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How I sidehustled $72K last year, and what I wanna do next – A geek with a hat (swizec.com)
21 points by wheresvic1 38 days ago | hide | past | web | favorite | 12 comments



I've had several jobs where you had to sign something basically giving up ownership to anything you did on the side, even on your own time, and even on your own laptop. They seemed really common at large companies and back then anyway. Is that still the case? Since he said "side hustle" I assume the author has a normal job also.


This is one area where employment in California is advantageous...

California’s Labor Code, Section 2870 reads:

    a) Any provision in an employment agreement which provides

    that an employee shall assign, or offer to assign, any of his or her

    rights in an invention to his or her employer shall not apply to an

    invention that the employee developed entirely on his or her own time

    without using the employer’s equipment, supplies, facilities, or

    trade secret information except for those inventions that either:

        Relate at the time of conception or reduction to practice of the invention to the employer’s business, or actual or demonstrably anticipated research or development of the employer; or
        Result from any work performed by the employee for the employer.

    b) To the extent a provision in an employment agreement purports

    to require an employee to assign an invention otherwise excluded from

    being required to be assigned under subdivision (a), the provision

    is against the public policy of this state and is unenforceable.


It's often called an "Intellectual Property Assignment" agreement, and they are usually way more restrictive than a simple non-compete, although you need to read either very carefully.

I found out the hard way about IP assignments after I accepted a software engineer position in my earlier days, around ~2005. The centimeter-thick document arrived by certified mail. I was raging mad, called the HR director that hired me and asked why this was not mentioned earlier. She said "everybody signs them" and "it's fine".

To me, this was Not...Fine. They knew full well during my interview that I had side projects, including real software sales, real customers, and an LLC.

I immediately consulted a lawyer, who gave me multiple options/ideas other than just signing the document outright.

The HR Director, my future supervisor, and the Division Vice President I was to work under all met (this was a $700 million USD revenue per year company at the time, with 1400 employees, so not exactly small). The VP was visibly irritated and said things like "why do you even want to work for us anyway?". Things became heated quickly, and I remember inhaling one last time, grasping my chair with both hands in preparation to get up and walk...but the HR director intervened.

We solved the problem by adding an addendum to the original IP agreement doc, listing all my side projects.

I felt pretty weird on my first day on the job. :D

Side Story: A few weeks on the job, I needed a special software utility to help do my work. That same VP (who is now the CEO) made me explain to him, one-on-one and for nearly an hour, on why I needed that software. That utility cost $45 USD. Pretty sure he didn't like me.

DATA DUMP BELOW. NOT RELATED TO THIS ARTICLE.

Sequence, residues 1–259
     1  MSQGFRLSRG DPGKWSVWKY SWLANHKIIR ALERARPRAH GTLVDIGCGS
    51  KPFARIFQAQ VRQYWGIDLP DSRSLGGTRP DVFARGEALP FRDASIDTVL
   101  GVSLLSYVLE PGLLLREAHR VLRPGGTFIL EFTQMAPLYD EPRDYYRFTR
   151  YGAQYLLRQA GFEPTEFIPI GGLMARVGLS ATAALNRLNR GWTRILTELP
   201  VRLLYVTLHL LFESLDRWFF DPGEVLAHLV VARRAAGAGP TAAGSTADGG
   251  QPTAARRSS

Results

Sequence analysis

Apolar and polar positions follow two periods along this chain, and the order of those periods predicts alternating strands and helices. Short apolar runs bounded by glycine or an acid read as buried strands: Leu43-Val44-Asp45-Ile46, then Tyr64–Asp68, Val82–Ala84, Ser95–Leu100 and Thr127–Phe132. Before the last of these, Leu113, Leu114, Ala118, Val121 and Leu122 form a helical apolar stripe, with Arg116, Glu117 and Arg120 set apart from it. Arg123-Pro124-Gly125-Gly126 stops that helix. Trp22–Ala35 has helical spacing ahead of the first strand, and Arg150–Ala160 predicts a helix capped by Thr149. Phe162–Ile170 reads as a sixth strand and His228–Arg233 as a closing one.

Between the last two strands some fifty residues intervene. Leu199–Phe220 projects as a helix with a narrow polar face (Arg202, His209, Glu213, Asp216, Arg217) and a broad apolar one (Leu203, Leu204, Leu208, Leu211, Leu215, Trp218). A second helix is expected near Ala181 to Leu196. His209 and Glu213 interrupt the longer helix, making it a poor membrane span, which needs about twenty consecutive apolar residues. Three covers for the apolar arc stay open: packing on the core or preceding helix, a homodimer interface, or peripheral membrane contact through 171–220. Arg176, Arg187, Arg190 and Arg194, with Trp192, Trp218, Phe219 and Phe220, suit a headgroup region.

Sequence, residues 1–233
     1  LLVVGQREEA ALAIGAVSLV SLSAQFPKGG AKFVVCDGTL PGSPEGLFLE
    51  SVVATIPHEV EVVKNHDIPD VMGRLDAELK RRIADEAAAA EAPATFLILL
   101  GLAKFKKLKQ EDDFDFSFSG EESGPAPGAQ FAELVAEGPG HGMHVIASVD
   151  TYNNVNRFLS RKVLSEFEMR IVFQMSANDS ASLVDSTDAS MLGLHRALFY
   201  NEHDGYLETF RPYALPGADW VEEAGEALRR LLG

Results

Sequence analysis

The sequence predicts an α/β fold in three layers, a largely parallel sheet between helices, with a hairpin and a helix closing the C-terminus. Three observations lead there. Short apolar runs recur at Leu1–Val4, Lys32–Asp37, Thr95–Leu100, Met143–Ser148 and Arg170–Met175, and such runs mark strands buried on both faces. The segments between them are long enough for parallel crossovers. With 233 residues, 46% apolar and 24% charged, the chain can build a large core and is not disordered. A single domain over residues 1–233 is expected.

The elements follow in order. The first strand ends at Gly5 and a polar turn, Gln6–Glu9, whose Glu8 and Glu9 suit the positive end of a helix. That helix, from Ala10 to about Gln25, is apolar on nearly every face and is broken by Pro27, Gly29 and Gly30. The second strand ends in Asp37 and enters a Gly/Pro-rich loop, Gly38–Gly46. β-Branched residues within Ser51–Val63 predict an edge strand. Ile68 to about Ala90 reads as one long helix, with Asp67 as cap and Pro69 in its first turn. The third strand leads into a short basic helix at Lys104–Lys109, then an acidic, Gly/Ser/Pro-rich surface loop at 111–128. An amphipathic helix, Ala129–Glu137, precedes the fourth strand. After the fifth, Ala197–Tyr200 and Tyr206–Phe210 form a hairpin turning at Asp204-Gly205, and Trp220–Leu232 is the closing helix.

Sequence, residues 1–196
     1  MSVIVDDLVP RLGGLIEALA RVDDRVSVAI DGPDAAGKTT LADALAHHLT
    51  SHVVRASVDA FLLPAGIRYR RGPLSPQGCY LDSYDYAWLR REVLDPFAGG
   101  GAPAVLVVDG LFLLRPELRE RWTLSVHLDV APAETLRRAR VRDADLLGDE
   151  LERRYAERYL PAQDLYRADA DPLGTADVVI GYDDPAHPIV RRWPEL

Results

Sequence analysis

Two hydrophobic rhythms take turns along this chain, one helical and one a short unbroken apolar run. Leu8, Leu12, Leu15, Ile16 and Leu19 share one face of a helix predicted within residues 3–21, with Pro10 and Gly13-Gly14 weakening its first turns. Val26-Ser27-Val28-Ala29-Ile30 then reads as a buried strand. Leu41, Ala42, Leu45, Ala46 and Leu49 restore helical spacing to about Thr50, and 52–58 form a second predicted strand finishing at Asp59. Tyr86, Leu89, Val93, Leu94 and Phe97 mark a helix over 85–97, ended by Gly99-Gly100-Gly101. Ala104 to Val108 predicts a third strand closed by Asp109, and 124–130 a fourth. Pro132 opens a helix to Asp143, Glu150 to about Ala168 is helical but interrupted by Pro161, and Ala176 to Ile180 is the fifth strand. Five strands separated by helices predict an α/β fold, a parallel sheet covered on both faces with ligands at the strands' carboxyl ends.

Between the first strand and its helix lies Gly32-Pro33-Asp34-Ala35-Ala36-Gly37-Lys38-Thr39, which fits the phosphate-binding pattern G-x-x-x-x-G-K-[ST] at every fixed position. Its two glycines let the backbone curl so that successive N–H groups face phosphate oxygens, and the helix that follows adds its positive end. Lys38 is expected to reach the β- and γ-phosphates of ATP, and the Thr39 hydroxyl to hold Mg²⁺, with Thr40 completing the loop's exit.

It's still the case for me, I am going to negotiate that the terms are changed. It's ridiculous. I understand if the product I'm working on is a conflict of interest, but if it's nothing related to my current employers field why should they own it?


Because they want to own all your ideas. I think it a) ensures they don’t pass on a great idea like HP and apple, and b) means they have the best productive hours of your day since outside work is disincentivized.

Many silicon valley giants were built off of moonlighters who quit their day job to build companies who later ate that day job, and the company would much rather promote you for new work than potentially miss out.


I just posted the HP/Apple example as it came to mind, but I think a clause like that was already in place at the time and HP explicitly said "we dont want it".


IANAL, but I thought modern contracts just give the company it, and thus avoid the step where a bureaucrat can decline.


For negotiating, if it's a big company there's no way that they will negotiate that. You need to weigh whether or not what you are doing will grow large enough that they will care. If you setup a website and make $1000/mo they won't care. If you start running the next Uber while you work there, they will.


I would never sign such a thing. Negotiate. Quite often, unreasonable clauses can be removed from a contract. And giving your employer ownership over your work that they didn't pay for is absolutely unreasonable.


How does someone find so much extra time to do this all? Must take a lot of energy and razor-sharp focus.


My biggest source of complaint is that my focus is not in fact razor-sharp and I spend too much time fumbling around unsure of what I should be doing to advance the agenda.


He measured it out to 18 extra hours per week. That's pretty achievable even with kids if your work week weighs in under 50 hours and you are judicious about your time management, but it does take a substantial amount of discipline.

I tend to fluctuate between spending zero hours a week to side stuff and 40 hours a week, in phases, and while I get pretty cool work done, it's hard to make money on an inconsistent pattern.




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